China stocks climb the most in three weeks on state intervention
Chinese stocks climbed the most in three weeks on Wednesday, recovering from previous steep losses after Beijing launched fresh rescue measures to prop up share prices following the worst market rout at the start of a new year.
However, Hong Kong and other Asian shares remained significantly weaker, as worries persist on extended volatility from Chinese stocks, with North Korea’s nuclear test further jangling nerves in the region.
Mainland China’s benchmark Shanghai Composite Index advanced 2.3 per cent to close at 3,361.84, snapping a three-day losing streak. The index plunged 7 per cent on Monday, marking its worst start to a new year in history, as fears about a deteriorating Chinese economy and the yuan’s fall to its lowest in nearly five years spurred a sell-off.
Meantime, the large-cap CSI300 rose 1.8 per cent to end at 3,539.81. The Shenzhen Composite Index settled 2.6 per cent higher at 2,133.96, and the Nasdaq-style ChiNext Index finished up 2.1 per cent at 2,468.37.
The Caixin China services Purchasing Managers’ Index (PMI) dropped to 50.2 in December, compared with 51.2 in November, according to Caixin Media and Markit.
The gains in stocks came after a series of rescue measures by the Chinese government to calm jittery investors following Monday’s turmoil. Beijing has ordered a group of state-backed funds -- also known as the “national team” -- to buy blue-chip equities and prop up share prices, various media reports said on Tuesday.
On the same day, the People’s Bank of China injected 130 billion yuan into the financial system via seven-day reverse repurchase agreements, the biggest operation of its kind in four months, signalling the central bank policy will remain easy amid a slowing economy.
Dozens of Chinese companies have pledged not to sell shares in the next six to 12 months in a bid to ease pressure on stock markets. The country’s top securities regulator also suggested it may extend a selling ban on major stakeholders past the original expiration date on Friday.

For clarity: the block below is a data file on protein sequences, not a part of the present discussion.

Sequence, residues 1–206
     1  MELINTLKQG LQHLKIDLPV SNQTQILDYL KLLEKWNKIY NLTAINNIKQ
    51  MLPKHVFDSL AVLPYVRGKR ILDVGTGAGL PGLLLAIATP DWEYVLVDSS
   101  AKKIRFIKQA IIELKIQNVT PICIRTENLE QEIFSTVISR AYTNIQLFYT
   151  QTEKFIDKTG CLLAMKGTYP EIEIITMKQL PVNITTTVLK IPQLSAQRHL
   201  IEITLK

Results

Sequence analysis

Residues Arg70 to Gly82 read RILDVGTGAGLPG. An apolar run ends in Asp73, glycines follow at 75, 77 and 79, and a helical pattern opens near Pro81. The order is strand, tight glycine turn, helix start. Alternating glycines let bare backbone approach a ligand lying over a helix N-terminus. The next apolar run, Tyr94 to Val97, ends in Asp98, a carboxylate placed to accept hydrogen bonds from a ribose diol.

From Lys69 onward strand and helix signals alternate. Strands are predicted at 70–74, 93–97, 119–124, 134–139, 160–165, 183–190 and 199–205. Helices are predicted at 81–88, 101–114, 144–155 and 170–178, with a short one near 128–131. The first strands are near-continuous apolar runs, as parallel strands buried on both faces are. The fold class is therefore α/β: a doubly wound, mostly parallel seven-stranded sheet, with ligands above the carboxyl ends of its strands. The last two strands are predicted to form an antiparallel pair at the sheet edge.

Other major Asian markets declined broadly on Wednesday, prompted by fears about
heightened geopolitical tensions after North Korea claimed Wednesday it successfully detonated a hydrogen bomb.
Hong Kong stocks extended a third straight day of losses, as the benchmark Hang Seng Index fell 1 per cent to 20,980.81. The Hang Seng China Enterprises, or the H-shares index, dropped 0.9 per cent to 9,137.79.
Elsewhere, Japan’s Nikkei Average declined 1 per cent to 18,191.32, Australia’s S&P/ASX 200 fell
1.2 per cent to 5,123.10, and South Korea’s Kospi Composite Index shed 0.3 per cent to 1,925.43.
North Korea’s test “added a touch of Armageddon fears to the markets”, after China’s stock turmoil rattled global equities earlier in the week, said Angus Nicholson, an analyst of IG Group.
“With hopes for the Chinese economy increasingly tied to its services sector, greater importance has been given to the monthly services PMIs,” Nicholson said. “So to see the Caixin Services PMI fall to its lowest level since July 2014 is quite concerning, particularly given the fall also seen in the Caixin Manufacturing PMI on Monday.”
Among market shakers, China Vanke, the country’s biggest property developer by sales, dived 9.2 per cent to close at HK$20.80, as it resumed trading in Hong Kong following a three-week suspension. Shares of the real estate company remain suspended in Shenzhen. China Vanke halted trading in both Hong Kong and Shenzhen last month, amid a fight over the control of the company between executives and the largest shareholder Baoneng Group. Wang Shi, chairman of Vanke, said Baoneng Group “lacks credibility” and could ruin Vanke’s image.
Looking ahead, analysts are cautiously optimistic about market sentiment in Hong Kong.
Kevin Leung, director of global investment strategy at Haitong International Securities, said shares on the Hong Kong market were “very cheap in valuation now, and the downward room is limited”.
“Sentiment is low but there will be very strong support at the 20,000 level,” he said.